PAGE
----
The Best Picture Winners: The Broadway Melody (1928-29)

| September 8, 2021

Five years ago, on Oscar’s 90th birthday, I did an overview of Every Single Movie that was ever bestowed the Oscar for Best Picture.  So, here we are again, approaching Oscar’s 95th.  Every other day, from now until Oscar night, I will take a look at each film through fresh eyes (I have seen them all again) and see if they’re any more worthy or unworthy than they were the last time I saw them. 

The technological onslaught of talking pictures was new in 1927, which just happened to be the first year of The Academy Awards.  It was so new that there weren’t enough talking pictures to fill a Best Picture category.  In the academy’s second year. this was not a problem.  The five films selected were all talking but hardly any had really embraced the new technology in a way that would have a lasting impact, and that includes the voter’s final choice.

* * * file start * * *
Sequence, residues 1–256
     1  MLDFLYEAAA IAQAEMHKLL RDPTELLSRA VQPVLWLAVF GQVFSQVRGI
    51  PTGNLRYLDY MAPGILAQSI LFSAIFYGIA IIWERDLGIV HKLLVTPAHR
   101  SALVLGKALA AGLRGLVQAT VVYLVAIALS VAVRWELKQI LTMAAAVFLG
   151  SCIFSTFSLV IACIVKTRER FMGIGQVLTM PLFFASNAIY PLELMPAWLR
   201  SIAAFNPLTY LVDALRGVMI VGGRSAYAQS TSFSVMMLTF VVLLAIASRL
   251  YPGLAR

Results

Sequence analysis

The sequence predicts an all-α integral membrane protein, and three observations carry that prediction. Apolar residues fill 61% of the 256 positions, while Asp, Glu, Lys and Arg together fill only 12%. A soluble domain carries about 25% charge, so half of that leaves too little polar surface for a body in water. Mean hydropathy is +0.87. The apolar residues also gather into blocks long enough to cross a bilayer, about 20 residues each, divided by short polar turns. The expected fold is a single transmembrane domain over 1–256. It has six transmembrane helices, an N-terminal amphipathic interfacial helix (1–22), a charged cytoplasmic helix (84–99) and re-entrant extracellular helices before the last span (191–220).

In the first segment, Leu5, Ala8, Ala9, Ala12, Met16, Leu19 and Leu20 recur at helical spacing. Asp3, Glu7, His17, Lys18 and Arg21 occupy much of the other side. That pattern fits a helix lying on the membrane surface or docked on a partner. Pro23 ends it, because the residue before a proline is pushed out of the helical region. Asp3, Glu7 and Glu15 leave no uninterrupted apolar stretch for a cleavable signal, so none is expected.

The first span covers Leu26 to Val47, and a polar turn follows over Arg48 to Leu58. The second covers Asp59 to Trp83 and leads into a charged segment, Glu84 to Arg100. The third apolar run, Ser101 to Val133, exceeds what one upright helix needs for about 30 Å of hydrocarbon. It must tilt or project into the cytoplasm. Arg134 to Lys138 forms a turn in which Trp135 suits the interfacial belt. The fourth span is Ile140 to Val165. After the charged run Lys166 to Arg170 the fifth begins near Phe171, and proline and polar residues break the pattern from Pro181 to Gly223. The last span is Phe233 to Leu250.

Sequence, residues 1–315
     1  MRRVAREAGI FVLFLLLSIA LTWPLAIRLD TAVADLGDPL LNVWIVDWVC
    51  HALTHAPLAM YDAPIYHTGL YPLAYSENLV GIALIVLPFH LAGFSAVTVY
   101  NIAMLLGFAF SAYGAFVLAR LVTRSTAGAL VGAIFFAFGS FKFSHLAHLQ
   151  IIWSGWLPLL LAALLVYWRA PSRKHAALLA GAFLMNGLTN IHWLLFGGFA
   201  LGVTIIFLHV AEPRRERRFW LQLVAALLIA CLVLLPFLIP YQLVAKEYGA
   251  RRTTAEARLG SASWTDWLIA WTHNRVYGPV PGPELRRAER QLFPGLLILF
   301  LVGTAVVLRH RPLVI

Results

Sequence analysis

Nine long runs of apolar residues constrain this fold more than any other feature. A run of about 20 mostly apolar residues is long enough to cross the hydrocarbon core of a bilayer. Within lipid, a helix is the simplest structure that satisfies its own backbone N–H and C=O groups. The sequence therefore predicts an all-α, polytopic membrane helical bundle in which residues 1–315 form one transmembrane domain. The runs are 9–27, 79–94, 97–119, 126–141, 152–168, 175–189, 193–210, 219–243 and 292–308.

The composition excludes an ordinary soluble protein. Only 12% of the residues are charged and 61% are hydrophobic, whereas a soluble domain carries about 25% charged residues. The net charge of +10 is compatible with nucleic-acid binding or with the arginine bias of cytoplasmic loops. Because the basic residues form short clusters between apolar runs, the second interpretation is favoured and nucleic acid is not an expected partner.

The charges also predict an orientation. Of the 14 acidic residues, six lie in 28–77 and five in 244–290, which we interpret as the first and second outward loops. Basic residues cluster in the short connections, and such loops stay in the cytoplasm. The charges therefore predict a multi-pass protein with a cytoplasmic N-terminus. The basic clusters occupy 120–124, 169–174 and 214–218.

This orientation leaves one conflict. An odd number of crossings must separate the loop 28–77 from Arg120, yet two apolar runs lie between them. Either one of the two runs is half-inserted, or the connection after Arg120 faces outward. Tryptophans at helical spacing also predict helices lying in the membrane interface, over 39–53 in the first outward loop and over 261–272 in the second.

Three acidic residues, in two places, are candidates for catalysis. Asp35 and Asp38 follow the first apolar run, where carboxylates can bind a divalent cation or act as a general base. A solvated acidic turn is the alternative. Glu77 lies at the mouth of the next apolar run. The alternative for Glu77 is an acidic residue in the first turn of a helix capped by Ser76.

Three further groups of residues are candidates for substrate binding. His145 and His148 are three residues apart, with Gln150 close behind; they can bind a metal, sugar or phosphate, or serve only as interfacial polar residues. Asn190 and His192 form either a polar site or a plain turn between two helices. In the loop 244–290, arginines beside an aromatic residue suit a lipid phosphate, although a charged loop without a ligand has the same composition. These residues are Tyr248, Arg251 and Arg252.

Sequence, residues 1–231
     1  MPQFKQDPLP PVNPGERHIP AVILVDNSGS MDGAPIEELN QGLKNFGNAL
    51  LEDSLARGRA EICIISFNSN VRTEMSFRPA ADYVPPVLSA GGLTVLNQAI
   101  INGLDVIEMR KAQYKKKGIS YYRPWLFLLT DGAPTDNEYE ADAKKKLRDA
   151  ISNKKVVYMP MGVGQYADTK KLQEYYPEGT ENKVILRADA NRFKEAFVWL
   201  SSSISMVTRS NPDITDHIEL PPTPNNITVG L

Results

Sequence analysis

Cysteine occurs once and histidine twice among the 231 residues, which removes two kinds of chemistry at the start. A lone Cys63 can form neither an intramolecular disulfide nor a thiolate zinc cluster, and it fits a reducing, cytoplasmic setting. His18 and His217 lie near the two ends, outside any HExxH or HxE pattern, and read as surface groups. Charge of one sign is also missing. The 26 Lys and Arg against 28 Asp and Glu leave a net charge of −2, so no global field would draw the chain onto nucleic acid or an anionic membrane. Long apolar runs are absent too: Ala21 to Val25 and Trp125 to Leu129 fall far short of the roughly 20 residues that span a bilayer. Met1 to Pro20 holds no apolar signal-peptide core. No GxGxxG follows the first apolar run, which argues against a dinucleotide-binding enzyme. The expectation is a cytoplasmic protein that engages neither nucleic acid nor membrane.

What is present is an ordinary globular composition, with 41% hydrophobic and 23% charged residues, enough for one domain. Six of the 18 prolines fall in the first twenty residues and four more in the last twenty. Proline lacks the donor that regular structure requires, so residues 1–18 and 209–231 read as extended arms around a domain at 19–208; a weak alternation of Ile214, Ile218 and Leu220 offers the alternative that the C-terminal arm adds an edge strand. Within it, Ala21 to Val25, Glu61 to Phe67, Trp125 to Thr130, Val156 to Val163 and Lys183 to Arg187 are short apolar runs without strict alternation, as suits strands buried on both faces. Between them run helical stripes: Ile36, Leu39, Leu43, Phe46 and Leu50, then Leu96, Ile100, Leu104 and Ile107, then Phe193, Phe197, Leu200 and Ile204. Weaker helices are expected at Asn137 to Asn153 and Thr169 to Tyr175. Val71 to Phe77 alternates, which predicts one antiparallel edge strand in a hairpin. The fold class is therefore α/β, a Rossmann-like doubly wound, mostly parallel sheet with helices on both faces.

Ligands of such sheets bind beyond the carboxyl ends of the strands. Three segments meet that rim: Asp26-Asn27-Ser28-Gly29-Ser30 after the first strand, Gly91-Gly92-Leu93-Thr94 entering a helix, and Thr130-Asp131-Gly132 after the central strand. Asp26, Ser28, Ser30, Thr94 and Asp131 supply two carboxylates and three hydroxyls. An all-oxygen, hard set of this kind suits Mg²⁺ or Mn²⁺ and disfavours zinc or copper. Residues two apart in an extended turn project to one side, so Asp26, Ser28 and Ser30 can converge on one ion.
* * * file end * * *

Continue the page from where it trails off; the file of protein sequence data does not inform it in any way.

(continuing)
The Broadway Melody was one of two dozen early musicals rushed into production immediately following the advent of sound (most of which are terrible), but it had two advantages; First, it featured one scene that contained an early example of two-color Technicolor and, second, it was one of the only musicals that actually had a pliable story – albeit a creaky old story about two sisters trying to make it in show business

It is easy to see how the new innovations would have dazzled the public as well as the academy voters, but a movie that is best known for its technological innovations will inevitably fall victim to the ravages of time. The Broadway Melody hasn’t aged well; it was a product of good timing but a casualty of time itself.  MGM was proud that this was their first musical but within the next decade Hollywood musicals were a dime a dozen and whatever advantages The Broadway Melody had in its initial run were overwritten by other musicals within the next year.  Today it’s as dated and creaky as you can imagine.  It still sings, but the song is out of date, and out of tune.

About the Author:

Jerry Roberts is a film critic and operator of two websites, Armchair Cinema and Armchair Oscars.